Pretence of Knowledge: The Case of Jean-Claude JunckerAccording to several reports, EU Commission President Jean-Claude Juncker is planning to introduce a 300 billion-euro investment package this Wednesday (November 26th). The idea is to establish a European fund that will assume liability risks on behalf of private investors. Only profitable (...)

Are tax cuts always necessarily good?

Are tax cuts always necessarily good?Tax cuts are pretty rare in the real world. When they do happen, they tend to be very partial, offering unjust advantages to a specific group. But even broader tax cuts can paradoxically do much harm. Using Italy as an example, this piece argues that when tax cuts lead to greater debt, they (...)

Swede dreams
What happens when high tax rates drop

Swede dreamsHow do you pay for increased government spending on education, health care and social services? By lowering the tax rate, of course… Wait, what?! Oh indeed. A new report on Swedish fiscal developments over the last dozen or so years shows what’s possible to achieve when a country tries to shake (...)

“Water Tax”, the Ire of Ireland

“Water Tax”, the Ire of IrelandIt is becoming a pattern. Another weekend, another 100,000+ protest against a new tax. Only not Hungary and tax on the internet, but Ireland and “tax on water”.
At least that’s how many media are reporting it. ABC runs with the headline "Marchers Protest Ireland’s New Tax on Water Supply", RT (...)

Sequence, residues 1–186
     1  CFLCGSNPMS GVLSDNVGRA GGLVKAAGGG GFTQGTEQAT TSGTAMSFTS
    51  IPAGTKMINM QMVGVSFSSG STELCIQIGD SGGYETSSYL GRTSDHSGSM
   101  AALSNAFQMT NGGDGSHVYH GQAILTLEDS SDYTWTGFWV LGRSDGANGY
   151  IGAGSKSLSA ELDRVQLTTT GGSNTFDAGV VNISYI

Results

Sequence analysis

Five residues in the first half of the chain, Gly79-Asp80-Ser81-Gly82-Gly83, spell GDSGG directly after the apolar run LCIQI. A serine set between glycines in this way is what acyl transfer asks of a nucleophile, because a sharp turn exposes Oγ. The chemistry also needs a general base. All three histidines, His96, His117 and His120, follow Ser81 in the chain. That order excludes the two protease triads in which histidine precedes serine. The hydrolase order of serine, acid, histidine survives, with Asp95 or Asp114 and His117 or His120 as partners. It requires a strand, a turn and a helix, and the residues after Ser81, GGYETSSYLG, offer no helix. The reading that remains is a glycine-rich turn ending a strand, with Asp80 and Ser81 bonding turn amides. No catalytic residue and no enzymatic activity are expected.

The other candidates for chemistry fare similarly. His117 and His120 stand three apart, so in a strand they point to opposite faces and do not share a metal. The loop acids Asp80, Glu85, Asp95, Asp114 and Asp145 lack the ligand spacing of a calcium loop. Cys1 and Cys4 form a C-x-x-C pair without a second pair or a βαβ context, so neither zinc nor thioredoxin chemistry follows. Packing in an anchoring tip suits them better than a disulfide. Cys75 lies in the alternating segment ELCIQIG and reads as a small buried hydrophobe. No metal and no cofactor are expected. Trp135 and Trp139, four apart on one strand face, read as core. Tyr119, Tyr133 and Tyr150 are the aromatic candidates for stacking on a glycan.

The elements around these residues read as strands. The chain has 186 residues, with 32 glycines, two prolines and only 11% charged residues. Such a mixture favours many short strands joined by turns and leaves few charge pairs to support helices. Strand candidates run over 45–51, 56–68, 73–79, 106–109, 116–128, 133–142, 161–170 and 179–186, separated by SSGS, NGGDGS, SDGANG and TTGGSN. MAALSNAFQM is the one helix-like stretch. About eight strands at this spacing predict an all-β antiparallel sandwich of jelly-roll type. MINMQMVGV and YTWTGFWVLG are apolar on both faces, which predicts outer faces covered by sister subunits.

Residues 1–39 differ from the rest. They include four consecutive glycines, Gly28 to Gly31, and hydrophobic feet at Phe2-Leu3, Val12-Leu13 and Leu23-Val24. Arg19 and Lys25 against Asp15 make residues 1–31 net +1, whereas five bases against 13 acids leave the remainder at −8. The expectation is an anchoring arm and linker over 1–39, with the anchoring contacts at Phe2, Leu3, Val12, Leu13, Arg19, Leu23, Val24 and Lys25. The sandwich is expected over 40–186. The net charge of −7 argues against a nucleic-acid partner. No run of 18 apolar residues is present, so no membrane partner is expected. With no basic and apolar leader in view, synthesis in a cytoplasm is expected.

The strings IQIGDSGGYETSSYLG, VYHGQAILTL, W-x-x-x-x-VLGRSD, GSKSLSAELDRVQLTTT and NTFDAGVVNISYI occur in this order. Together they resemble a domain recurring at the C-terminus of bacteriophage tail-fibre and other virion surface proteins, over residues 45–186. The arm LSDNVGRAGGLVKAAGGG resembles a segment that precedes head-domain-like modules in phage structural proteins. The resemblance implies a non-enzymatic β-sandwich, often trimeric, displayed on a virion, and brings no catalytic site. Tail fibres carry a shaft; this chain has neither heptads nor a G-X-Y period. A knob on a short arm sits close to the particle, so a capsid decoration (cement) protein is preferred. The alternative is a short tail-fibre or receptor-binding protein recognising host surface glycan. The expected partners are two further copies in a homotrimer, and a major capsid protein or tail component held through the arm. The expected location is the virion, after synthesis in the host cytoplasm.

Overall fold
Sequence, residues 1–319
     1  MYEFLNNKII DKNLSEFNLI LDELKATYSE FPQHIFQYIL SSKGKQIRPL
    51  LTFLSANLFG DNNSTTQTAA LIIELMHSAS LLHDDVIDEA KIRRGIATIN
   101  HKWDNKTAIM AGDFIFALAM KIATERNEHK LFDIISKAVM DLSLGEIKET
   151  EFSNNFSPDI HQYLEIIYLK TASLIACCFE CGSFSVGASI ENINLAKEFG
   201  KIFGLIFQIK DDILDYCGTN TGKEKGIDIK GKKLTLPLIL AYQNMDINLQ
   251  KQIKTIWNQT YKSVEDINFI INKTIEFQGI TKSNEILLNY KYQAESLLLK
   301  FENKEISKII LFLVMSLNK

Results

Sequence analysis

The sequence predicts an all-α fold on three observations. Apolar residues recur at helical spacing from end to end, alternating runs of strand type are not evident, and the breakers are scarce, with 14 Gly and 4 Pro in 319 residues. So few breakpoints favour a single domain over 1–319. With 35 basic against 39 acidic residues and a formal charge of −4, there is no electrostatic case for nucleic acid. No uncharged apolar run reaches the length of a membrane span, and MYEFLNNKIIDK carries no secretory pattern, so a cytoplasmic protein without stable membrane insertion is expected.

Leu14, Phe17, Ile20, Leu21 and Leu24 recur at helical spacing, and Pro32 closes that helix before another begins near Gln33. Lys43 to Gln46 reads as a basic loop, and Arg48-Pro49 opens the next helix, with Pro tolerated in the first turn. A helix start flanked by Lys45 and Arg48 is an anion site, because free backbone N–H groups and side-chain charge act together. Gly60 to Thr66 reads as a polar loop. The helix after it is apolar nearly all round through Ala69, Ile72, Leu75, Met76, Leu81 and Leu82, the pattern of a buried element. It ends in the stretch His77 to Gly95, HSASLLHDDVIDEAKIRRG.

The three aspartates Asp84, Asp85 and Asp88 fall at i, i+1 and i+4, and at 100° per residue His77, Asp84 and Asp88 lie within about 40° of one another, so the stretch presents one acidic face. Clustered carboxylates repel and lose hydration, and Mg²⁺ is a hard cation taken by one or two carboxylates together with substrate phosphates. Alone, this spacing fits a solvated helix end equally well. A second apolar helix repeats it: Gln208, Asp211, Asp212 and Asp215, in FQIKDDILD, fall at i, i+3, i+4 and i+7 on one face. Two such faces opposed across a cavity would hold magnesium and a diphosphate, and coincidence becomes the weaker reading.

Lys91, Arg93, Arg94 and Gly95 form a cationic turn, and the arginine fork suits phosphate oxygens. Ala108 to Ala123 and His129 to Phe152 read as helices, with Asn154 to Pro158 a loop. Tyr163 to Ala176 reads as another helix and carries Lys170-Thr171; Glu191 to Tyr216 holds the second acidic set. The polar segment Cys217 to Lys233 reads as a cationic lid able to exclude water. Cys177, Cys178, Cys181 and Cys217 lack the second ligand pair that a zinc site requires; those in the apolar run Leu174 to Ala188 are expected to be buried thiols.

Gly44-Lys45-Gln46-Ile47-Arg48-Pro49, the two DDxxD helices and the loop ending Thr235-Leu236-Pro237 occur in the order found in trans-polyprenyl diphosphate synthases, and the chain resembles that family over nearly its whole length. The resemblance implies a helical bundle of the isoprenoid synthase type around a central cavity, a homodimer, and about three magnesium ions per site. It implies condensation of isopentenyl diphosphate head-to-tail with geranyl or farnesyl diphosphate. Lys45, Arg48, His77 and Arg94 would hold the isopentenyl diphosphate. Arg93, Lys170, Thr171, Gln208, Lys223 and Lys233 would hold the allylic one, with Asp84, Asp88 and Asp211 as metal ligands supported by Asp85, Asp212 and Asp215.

Taxing the internet – is Hungary leading the way?
8 myths busted

Taxing the internet – is Hungary leading the way?Large demonstrations took place over the weekend in Hungary. Somewhat unusually, people were not protesting against spending cuts, but against a new tax. A targeted tax on internet traffic. The issue of taxing this new paradigm of our lives will not go away anytime soon. As a companion to your (...)

Regulatory Role of One Jean Tirole

Regulatory Role of One Jean TiroleThe new Nobel Memorial Laureate is one of prime architects of modern regulation of markets. To many that will make him a social engineer. However, as modern EU governments’ budgets are increasingly suffering from similar problems of failed previous regulation and self-regulation, his voice (...)

Deutschland Wages Über Alles
Minimum wage is a tax on those who create jobs

Deutschland Wages Über AllesGermany’s minimum wage has been created at a pretty high level, higher than its equivalents in the UK or the US. Increasing the price and reducing the quantity of an economic activity it acts as a tax. A pretty unsocial one as it destroys jobs for the poor and punishes those who create them. (...)